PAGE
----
Matthew Macaulay
8 mins
Our Matthew Macaulay explores how philosophy can teach children the thinking skills necessary to navigate the AI revolution

A threat to independent thought

A few weeks ago I was fortunate to attend a thought leadership panel entitled A.I. in Education. The event was organised by London Academy of Excellence and hosted by Dawn Capital. The conversation was wide ranging and I came away from the event struck by the tremendous potential AI has to improve the way we teach children and support teachers, but equally pondering the threats this evolving technology poses. 

Chief amongst my concerns is the prospect of AI becoming yet another channel through which children passively consume information; a means of easily obtaining information but not critically engaging with it. 

Children spend far too much time passively consuming information already. This is something I have experienced first-hand, having researched children’s media and entertainment habits for close to ten years. 

At home children spend hours on platforms designed to capture their attention - from YouTube to TikTok - scrolling through video after video. Rarely do they take the time to question what they are hearing or seeing. 

The development of the internet and technology has done many wonderful things for education, but it has also led to the rise of digital devices being used as a means of pacifying children. Look around any cafe and you’ll see children accompanied by their parents, all clutching smartphones with glazed expressions and screen lit faces.

The danger is that AI becomes an escalation of this worrying trend with children being the passive recipients of the information it brings them, incapable of independent thought. 

What we can learn from philosophy 

Fortunately, there is an ancient discipline - philosophy - that can assist in guarding children against the potential pitfalls of AI. One of my good friends, Steven Campbell- Harris, works for a charity called The Philosophy Foundation, which focuses on bringing philosophical ideas into the classroom. This work is vitally important; in a world in which AI is in danger of doing the thinking for us, it is essential we teach children to flex their thought muscles.

Steven says, “we spend a lot of time talking about The three Rs of reading, writing, arithmetic, but not enough time talking about the fourth R, reasoning. You’re not really taught reasoning and yet it's a critical tool that people need”. He teaches primary school children to reason through thought experiments (stories with questions attached to them). These stories encourage children to ask themselves questions and challenge each others’ answers and reasoning. 

Combating misinformation

It is clear that AI in the wrong hands could be a powerful tool for nefarious actors to spread misinformation. The deep fake scam video which surfaced featuring a computer generated version of Martin Lewis, the money expert, was a concerning example of this.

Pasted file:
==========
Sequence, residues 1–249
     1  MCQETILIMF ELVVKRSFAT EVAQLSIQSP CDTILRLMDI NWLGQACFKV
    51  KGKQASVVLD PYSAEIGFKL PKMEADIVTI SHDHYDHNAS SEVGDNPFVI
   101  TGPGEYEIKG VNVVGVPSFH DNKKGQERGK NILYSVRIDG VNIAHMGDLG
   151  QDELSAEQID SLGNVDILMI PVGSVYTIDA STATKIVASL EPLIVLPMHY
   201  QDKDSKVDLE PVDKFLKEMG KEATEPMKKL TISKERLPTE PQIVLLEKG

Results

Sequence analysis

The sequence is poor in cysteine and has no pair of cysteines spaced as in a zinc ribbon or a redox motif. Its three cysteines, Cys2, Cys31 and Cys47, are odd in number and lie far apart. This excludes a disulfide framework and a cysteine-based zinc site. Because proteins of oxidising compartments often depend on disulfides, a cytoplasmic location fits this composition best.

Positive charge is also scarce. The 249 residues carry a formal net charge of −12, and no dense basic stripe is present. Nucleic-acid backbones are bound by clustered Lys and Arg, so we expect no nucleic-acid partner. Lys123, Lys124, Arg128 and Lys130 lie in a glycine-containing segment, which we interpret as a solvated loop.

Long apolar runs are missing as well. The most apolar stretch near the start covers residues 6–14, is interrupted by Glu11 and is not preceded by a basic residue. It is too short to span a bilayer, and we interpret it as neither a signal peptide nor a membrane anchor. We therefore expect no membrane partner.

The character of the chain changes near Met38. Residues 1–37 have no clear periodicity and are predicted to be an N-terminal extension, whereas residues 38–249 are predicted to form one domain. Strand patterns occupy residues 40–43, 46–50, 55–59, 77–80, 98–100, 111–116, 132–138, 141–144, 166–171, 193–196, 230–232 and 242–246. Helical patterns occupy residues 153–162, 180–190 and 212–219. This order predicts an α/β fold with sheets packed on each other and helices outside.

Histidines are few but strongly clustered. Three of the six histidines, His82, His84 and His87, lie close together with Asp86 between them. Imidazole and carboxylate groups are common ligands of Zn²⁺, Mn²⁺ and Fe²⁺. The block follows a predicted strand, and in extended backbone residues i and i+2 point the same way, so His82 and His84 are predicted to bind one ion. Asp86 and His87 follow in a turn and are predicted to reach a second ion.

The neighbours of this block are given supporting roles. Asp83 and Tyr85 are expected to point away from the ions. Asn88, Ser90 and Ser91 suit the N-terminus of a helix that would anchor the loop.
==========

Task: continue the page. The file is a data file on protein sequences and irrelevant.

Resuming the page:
Steven notes that schools can prepare us to be quite deferential. In the words of Cicero: ‘The authority of those who teach is very often an impediment to those who want to learn’. We rely too heavily on teachers to package up information for us and tell us the answer. This is problematic at a time when it can be increasingly difficult to discern fact from fiction, and the need to question is increasingly important. 

When I use ChatGPT - and it has become an increasingly useful tool for my work as a strategist - I always ask myself what is the source of this information? When I ask ChatGPT a question, I am careful to check the answers it gives me as it’s perfectly capable of coming up with something which is completely spurious. On one occasion I asked it to recommend some books about child development. When I then went to look them up on the internet, they didn’t exist. 

Teaching critical thinking skills 

Children of a certain age are particularly prone to taking information at face value. This is something I’m keenly aware of in my job at Kids Industries and why we and the brands we work with are so careful about the information we put out into the world which may be seen by kids. 

A key skill children will need going into this brave new world of advancements in AI, is critical thinking. This is the ability to critically evaluate the information to which they are exposed. As Steven says, “if people don’t think, they are more susceptible to propaganda and bad decision making… There’s a sense in which they’re not free and that’s ultimately a challenge to democracy”.  

AI as a catalyst for questioning  

The thinking Steven encourages children to do elicits a strange yet positive sensation in them. As he explains, “they say things like my head hurts and you’re asking so many questions. But they say it in a way that they are both enjoying and not enjoying it. And that’s a good feeling. Thinking shouldn’t be easy”. 

The application of AI in education needs to encourage children to do this hard thinking. AI will only enhance education if it encourages questioning and new discovery. We also need to equip children with the intellectual defences to cope with this brave new world - pushing children to be independent thinkers, not slaves to this new machine. 

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